Ernest Hemingway was an iconic American author. In this post, we share 27 gems on writing from Ernest Hemingway.
Ernest Hemingway was an American author and journalist whose economical style strongly influenced 20th-century American and British fiction. He was born 21 July 1899, and died 2 July 1961.
Hemingway was famous for the ‘intense masculinity of his writing‘ and notorious for his adventurous and widely publicised life. Fascinated by war, he focused on its futility in A Farewell To Arms and on its comradeship in For Whom the Bell Tolls. He was an ambulance driver in World War I and he went to London as a journalist in World War II.
Hemingway won the Nobel Prize in Literature in 1954. He published seven novels, six short story collections, and two non-fiction works. His works included The Sun Also Rises, and The Old Man And The Sea.
Below, we’ve included 27 tips, suggestions, and ideas from Ernest Hemingway on Writing, a selection of material from Hemingway’s articles, interviews, letters and books. They are taken from the article ’27 Secrets To Write Like Hemingway’ by Joanna Paterson.
Please note that they are not quotations, but wisdom gleaned or paraphrased from his writings.
27 Gems On Writing From Ernest Hemingway
- Start with the simplest things.
- Boil it down.
- Know what to leave out.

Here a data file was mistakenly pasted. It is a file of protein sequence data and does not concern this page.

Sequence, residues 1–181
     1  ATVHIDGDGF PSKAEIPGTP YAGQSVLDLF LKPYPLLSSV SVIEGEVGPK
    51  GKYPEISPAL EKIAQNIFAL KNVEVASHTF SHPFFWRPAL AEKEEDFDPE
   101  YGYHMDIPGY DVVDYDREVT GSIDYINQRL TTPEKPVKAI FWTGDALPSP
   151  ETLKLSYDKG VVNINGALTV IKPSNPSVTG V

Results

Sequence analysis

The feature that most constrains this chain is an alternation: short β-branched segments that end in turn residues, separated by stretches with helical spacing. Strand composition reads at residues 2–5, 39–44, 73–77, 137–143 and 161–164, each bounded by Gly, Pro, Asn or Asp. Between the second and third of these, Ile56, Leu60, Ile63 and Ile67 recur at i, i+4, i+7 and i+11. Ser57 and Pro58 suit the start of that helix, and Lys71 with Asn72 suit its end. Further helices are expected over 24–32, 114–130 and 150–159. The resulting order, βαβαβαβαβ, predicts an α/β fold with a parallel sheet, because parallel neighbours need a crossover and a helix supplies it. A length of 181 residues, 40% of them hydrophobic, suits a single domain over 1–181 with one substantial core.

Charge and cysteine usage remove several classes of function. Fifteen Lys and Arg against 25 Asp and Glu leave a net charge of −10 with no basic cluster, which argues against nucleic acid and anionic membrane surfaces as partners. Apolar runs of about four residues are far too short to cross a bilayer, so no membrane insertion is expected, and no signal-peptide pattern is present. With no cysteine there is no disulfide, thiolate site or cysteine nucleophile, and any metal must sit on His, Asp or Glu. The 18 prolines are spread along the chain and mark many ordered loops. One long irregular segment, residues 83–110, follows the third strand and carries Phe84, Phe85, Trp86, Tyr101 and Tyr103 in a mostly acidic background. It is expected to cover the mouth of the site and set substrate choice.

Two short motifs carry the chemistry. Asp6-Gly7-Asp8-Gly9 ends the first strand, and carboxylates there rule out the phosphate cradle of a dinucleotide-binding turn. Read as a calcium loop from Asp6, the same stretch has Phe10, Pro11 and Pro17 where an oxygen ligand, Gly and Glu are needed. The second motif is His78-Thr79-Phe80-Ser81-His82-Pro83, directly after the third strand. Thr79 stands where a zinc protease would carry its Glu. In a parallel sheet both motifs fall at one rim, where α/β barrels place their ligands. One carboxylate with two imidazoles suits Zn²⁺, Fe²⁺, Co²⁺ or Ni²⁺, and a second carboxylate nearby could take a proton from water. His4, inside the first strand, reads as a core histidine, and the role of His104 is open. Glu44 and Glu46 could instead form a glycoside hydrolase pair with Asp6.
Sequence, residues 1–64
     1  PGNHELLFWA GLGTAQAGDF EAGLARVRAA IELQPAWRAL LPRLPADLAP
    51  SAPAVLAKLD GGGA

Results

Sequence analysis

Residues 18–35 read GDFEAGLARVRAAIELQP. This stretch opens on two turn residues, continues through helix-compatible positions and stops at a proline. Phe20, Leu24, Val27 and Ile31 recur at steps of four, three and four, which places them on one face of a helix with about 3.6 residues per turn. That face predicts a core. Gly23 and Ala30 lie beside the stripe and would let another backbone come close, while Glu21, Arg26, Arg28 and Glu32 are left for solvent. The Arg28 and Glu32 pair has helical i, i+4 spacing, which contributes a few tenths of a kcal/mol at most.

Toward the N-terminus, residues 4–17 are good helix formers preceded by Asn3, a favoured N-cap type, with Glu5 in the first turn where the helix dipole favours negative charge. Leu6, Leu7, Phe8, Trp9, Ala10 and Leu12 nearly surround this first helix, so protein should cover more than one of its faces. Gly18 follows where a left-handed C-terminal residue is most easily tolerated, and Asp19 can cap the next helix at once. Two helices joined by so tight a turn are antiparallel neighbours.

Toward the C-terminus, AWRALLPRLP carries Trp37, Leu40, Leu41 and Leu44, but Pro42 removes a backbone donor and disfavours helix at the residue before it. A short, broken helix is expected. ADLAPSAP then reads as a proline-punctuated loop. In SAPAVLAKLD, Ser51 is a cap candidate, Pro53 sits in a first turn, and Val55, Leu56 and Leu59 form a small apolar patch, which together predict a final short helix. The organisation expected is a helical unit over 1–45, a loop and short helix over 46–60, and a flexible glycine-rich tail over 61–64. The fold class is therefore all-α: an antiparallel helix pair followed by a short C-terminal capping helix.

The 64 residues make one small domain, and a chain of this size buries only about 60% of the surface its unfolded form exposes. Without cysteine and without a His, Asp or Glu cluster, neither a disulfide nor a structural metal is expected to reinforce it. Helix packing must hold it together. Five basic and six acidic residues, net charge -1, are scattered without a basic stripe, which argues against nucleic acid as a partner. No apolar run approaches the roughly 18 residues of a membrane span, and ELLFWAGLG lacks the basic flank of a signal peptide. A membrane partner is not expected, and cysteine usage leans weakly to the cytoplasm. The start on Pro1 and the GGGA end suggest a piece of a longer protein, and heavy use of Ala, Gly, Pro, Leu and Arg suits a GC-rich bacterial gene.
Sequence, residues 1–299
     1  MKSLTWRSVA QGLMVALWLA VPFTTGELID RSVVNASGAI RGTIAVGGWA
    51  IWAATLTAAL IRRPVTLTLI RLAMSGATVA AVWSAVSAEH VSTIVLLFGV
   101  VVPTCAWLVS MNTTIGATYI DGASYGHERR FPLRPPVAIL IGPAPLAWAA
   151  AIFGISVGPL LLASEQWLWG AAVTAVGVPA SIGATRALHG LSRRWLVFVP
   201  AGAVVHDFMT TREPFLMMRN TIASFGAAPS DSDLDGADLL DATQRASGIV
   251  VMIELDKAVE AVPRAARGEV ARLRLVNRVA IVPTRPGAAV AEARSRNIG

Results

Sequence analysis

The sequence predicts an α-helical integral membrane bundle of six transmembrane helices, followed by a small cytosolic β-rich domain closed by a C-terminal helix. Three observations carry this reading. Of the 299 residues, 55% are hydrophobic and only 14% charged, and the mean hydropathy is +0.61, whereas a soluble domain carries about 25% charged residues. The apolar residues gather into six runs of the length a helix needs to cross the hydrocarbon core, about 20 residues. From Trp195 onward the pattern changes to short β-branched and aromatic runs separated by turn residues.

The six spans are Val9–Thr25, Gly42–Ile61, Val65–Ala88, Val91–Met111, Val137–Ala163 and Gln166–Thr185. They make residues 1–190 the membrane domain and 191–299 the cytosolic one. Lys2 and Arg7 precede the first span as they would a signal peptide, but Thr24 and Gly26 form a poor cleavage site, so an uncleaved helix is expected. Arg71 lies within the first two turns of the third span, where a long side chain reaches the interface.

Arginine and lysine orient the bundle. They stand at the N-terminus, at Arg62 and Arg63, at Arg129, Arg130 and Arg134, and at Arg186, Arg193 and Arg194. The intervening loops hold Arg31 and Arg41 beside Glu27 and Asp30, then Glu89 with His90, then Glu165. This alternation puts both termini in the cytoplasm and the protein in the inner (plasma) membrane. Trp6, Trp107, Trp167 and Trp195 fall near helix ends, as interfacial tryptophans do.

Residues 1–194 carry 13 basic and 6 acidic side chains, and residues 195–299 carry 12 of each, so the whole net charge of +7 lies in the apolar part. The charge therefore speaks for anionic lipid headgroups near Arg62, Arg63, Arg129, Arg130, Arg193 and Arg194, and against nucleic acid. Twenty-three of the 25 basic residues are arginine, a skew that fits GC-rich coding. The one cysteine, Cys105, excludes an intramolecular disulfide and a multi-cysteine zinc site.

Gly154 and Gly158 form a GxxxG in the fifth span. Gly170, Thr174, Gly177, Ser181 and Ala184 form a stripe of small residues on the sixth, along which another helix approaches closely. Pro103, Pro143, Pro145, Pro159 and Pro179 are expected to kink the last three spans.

- Write the tip of the ice-berg, leave the rest under the water.
- Watch what happens today.
- Write what you see.
- Listen completely.
- Write when there is something you know, and not before.
- Look at words as if seeing them for the first time.
- Use the most conventional punctuation you can.
- Ditch the dictionary.
- Distrust adjectives.
- Learn to write a simple declarative sentence.
- Tell a story in six words.
- Write poetry into prose.
- Read everything so you know what you need to beat.
- Don’t try to beat Shakespeare.
- Accept that writing is something you can never do as well as it can be done.
- Go fishing in summer.
- Don’t drink when you’re writing.
- Finish what you start.
- Don’t worry. You’ve written before and you will write again.
- Forget posterity. Think only of writing truly.
- Write as well as you can with no eye on the market.
- Write clearly – and people will know if you are being true.
- Just write the truest sentence that you know.
- Remember that nobody really knows or understands the secret.
- Between Friends: Writing Advice From Hemingway To Fitzgerald
- How Ernest Hemingway Changed The Writing Landscape
If you enjoyed this, you will love:
- Billy Wilder’s 10 Tips For Writing Screenplays
- Colm Tóibín’s 10 Rules for Writing Fiction
- Roddy Doyle’s 10 Rules For Writing
- Esther Freud’s 7 Rules For Writing
- Sebastian Faulks On Finding Excuses Not To Write
- Anne Lamott On Life And Writing
- 6 Writing Tips From Bernard Cornwell
- Richard Ford’s 10 Rules For Writing Fiction
- Joy Williams’ 8 Essential Attributes Of The Short Story
- Writing Advice From The World’s Most Famous Authors